Division and Solidarity in the Country

Race, Politics, and Religion: How Divided are Americans?

The vast majority (83%) of Americans agree that the country is somewhat or very divided by race and ethnicity. There are few overall divisions on this question by race and socioeconomic class, but Hispanic Americans (92%) are somewhat more likely than black (82%) and white (83%) Americans to agree with this statement. There are also notable differences in intensity. For example, while half (50%) of black Americans and 41% of Hispanic Americans believe that the country is very divided over race and ethnicity, less than one-third (31%) of white Americans agree.

Americans are nearly unanimous in their belief that the country is divided over politics (91%), with 74% of Americans saying that the country is very divided. Supporters of both political parties, as well as political independents, all agree that Americans are divided over politics: Republicans (96%), Democrats (91%), and independents (89%) all agree with this statement. However, Republicans and Democrats are slightly more likely than independents to say that the country is very divided over politics (79%, 77%, and 69%, respectively).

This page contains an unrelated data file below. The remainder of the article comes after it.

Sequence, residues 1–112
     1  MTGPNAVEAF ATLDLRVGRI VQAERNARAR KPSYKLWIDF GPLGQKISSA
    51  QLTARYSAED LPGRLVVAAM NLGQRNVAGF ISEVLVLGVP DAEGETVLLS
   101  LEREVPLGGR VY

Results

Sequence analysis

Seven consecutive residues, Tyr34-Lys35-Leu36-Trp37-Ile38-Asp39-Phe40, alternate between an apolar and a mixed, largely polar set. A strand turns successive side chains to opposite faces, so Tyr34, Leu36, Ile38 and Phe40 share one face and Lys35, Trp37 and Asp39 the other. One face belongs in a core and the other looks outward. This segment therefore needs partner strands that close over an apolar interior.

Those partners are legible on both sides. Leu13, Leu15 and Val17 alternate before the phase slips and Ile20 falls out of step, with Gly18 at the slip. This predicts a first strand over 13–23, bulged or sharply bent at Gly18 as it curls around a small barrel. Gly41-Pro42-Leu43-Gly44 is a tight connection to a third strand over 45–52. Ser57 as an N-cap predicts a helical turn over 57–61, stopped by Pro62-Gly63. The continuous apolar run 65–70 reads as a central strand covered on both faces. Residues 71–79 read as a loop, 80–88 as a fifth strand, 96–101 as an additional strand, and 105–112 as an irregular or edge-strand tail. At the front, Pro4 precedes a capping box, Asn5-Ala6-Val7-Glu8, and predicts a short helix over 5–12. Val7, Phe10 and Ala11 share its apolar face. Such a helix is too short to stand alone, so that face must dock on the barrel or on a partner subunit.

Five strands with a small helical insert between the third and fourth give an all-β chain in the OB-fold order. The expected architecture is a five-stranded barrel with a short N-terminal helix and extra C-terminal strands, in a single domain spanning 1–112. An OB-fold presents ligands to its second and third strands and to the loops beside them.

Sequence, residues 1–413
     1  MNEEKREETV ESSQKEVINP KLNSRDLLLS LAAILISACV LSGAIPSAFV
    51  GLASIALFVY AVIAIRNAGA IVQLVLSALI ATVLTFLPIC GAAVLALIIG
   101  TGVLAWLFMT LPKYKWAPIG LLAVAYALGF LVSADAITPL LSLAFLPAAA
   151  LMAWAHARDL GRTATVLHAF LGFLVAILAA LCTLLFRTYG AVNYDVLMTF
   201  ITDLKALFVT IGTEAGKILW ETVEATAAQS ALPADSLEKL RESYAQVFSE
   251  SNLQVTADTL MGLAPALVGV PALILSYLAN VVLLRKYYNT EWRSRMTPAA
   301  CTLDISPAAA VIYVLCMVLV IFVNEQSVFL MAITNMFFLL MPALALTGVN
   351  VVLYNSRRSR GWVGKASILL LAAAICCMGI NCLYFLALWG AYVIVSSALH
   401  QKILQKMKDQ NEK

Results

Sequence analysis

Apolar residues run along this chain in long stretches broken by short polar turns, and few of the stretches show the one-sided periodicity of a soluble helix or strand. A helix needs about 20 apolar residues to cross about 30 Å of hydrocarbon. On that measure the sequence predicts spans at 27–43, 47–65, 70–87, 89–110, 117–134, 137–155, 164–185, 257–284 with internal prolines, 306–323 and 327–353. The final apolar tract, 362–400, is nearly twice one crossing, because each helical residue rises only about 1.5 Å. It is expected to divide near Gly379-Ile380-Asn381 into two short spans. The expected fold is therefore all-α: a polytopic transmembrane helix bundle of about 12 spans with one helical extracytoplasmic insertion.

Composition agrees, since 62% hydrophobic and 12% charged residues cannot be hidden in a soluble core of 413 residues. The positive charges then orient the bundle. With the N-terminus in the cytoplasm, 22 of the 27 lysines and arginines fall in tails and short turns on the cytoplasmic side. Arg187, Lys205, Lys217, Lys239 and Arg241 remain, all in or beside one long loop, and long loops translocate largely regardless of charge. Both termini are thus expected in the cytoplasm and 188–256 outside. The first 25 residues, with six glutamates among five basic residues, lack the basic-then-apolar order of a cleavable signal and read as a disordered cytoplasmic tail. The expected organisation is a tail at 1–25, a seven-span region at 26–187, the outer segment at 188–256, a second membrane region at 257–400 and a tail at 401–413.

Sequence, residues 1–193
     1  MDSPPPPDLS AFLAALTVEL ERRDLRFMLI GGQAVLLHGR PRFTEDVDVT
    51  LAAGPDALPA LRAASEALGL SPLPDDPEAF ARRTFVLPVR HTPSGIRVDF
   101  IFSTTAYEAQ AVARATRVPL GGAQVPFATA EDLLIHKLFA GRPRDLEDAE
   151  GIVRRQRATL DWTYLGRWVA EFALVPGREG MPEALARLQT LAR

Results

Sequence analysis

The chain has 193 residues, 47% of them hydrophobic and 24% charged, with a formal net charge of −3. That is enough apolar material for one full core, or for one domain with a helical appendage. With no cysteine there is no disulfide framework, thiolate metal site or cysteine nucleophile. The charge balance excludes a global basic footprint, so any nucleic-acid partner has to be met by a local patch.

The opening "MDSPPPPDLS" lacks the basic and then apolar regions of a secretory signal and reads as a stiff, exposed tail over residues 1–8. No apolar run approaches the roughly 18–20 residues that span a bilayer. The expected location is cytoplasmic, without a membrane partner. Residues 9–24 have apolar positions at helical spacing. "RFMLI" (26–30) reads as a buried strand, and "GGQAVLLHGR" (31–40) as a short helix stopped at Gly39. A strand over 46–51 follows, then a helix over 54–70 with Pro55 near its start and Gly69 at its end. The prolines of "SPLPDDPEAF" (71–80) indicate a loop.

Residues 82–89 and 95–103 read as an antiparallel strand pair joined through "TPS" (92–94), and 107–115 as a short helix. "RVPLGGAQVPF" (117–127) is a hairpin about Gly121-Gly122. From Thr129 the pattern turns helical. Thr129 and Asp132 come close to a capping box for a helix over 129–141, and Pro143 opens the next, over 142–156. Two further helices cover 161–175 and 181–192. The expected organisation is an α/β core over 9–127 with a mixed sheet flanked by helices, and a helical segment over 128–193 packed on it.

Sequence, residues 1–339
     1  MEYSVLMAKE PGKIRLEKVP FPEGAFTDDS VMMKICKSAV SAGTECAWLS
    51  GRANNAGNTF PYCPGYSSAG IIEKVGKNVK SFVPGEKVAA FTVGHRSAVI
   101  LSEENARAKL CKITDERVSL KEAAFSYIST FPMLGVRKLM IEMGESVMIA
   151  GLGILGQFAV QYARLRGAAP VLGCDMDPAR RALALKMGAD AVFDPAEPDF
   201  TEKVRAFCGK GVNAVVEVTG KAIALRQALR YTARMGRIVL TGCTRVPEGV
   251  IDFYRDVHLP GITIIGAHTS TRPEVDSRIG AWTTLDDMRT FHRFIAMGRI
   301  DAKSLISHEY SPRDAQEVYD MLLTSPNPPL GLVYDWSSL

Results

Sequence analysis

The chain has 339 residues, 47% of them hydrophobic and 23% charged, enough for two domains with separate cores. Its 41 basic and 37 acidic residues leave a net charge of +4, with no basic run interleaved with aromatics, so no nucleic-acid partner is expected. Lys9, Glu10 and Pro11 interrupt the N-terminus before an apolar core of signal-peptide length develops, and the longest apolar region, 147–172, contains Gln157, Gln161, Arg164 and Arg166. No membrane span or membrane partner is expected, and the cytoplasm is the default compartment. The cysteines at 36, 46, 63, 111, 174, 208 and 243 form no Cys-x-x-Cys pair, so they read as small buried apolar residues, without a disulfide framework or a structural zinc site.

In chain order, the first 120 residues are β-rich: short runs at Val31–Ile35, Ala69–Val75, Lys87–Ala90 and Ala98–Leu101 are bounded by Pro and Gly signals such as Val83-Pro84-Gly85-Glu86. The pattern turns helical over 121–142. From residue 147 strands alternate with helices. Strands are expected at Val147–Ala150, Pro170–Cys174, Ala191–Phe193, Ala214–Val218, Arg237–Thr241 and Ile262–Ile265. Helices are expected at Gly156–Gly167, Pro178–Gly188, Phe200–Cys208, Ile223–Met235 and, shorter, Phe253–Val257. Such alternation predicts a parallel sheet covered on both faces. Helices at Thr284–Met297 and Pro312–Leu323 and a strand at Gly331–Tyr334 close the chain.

About three-quarters (77%) of the general public agrees that Americans are divided over religion. There are no substantial divisions among religious groups on this question.

Race, Religion, and Politics: Can Americans Come Together to Address Problems?